Check out Caroline’s advice below:

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The Year of Lear

You might have seen Shakespeare in the news recently. Over 400 years ago, the Bard published three of his most famous tragedies (King Lear, Macbeth, and Antony and Cleopatra). Shakespeare's prolific year is the subject of a new book by James Shapiro ’77CC, The Year of Lear: Shakespeare in 1606.

The Columbia University Club of New York and the Columbia Alumni Association (CAA) are hosted a special conversation with Shapiro about his new book in November 2015. To listen to an excerpt from his lecture, check out the podcast.

The book received a slew of praise from various publications, including The Wall Street Journal, The Washington Post, and The Sunday Times.

Columbia News also posed five burning Shakespearean questions to Shapiro that you can check out here.

Amidst this publication news, there has been a flurry of Shakespearean controversy and Shapiro has been at the forefront of the debate.

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A Win-Win Situation

It's what we call a win-win situation.

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Each year, the Columbia Alumni Association (CAA) helps bring together thousands of alumni across all schools to Columbia sporting events throughout the year, a natural way to connect back to Columbia University.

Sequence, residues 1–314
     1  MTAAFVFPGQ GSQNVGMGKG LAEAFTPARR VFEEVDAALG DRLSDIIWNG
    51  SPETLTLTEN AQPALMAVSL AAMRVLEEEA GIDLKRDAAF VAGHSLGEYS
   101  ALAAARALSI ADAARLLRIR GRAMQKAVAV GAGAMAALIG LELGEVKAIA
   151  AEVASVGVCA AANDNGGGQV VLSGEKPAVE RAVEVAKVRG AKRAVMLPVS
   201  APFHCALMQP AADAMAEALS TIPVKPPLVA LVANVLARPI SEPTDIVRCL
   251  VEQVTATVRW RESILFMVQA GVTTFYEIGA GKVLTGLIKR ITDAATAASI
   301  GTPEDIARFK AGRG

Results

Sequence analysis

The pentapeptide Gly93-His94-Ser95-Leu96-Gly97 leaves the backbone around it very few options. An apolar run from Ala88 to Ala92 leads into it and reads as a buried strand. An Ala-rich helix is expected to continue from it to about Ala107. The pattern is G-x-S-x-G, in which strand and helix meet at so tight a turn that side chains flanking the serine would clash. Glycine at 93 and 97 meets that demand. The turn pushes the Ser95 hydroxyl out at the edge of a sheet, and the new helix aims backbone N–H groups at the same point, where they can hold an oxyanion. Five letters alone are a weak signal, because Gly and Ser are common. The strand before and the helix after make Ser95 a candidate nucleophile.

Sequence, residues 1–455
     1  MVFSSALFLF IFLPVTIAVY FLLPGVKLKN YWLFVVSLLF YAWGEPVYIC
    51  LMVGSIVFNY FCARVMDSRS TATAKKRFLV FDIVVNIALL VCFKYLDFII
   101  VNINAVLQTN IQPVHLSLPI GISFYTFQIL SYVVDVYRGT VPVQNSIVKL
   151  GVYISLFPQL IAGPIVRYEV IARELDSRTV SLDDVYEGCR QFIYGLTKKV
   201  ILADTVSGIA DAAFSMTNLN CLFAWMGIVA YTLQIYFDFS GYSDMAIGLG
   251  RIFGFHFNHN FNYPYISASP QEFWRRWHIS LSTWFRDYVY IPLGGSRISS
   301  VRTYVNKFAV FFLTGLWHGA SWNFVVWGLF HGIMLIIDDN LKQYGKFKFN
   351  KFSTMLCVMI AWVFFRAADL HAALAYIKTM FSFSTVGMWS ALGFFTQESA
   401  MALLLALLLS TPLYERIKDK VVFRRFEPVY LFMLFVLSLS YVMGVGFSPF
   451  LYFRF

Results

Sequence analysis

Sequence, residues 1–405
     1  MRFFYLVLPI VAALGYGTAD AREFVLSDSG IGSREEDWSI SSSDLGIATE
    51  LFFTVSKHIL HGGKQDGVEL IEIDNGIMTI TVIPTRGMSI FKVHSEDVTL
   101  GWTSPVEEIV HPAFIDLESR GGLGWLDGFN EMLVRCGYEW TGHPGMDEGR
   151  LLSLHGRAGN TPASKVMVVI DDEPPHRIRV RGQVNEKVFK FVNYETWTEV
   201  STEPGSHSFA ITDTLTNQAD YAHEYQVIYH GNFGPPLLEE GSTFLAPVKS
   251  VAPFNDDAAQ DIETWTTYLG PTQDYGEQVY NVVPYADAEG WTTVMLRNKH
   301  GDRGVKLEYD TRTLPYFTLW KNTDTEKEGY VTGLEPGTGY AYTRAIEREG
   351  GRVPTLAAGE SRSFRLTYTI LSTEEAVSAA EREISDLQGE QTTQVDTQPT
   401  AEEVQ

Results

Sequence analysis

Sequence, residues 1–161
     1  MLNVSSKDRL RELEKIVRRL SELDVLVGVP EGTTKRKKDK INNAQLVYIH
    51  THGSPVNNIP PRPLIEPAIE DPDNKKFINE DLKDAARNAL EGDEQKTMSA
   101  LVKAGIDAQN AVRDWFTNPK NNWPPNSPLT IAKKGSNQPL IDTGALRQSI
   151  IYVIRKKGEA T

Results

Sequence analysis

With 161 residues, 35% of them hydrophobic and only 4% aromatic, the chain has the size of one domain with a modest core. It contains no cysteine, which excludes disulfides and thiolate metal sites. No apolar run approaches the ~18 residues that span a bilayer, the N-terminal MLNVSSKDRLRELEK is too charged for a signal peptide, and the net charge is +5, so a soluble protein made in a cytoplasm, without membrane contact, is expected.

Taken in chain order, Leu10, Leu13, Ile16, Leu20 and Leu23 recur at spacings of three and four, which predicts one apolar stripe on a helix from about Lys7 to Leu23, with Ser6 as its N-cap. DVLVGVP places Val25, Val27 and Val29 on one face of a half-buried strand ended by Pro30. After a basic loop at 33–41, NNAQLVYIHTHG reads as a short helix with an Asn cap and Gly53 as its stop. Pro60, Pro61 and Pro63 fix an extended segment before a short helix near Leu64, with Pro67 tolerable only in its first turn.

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Startup Success: Alumni Raise Millions for Young Companies

Columbia Business School alumni are having lots of success in the startup world. 

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Share Your Columbia Experience


Columbia's Noble Nobelists

By the numbers:

1. Since the Nobel prizes were first awarded in 1901, there have been over 80 Columbians who have received this honor - among the highest number of Nobel prize-winners associated with any institution of higher learning around the world.

2. They include alumni, faculty, adjunct faculty, researchers, and administrators.

3. Columbians have won Nobel prizes in every field which the award is given.

4. Today, Columbia's faculty includes 8 Nobel laureates.*

5. Forty-two of Columbia's noble Nobelists are alumni.

6. The most recent prize awarded to a Columbian was in 2012 - a year that two prize categories were claimed by Columbia graduates: Robert J. Lefkowitz (Chemistry) and Alvin Roth (Economics).

7. U.S. President Barack Obama '83CC was the most recent Columbian to win the Nobel Peace Prize in 2009.

8. Just this year, Columbia alumni have met with Nobel laureates Eric Kandel and Joseph Stiglitz at alumni events.  You never know who you'll meet through your Columbia alumni network. alumni.columbia.edu 

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Hurricane Joaquin Another Sandy? Not so Fast, Says Columbia Professor

Although some forecasters have deemed Category 4 Hurricane Joaquin the next Hurricane Sandy, they might be speaking too soon.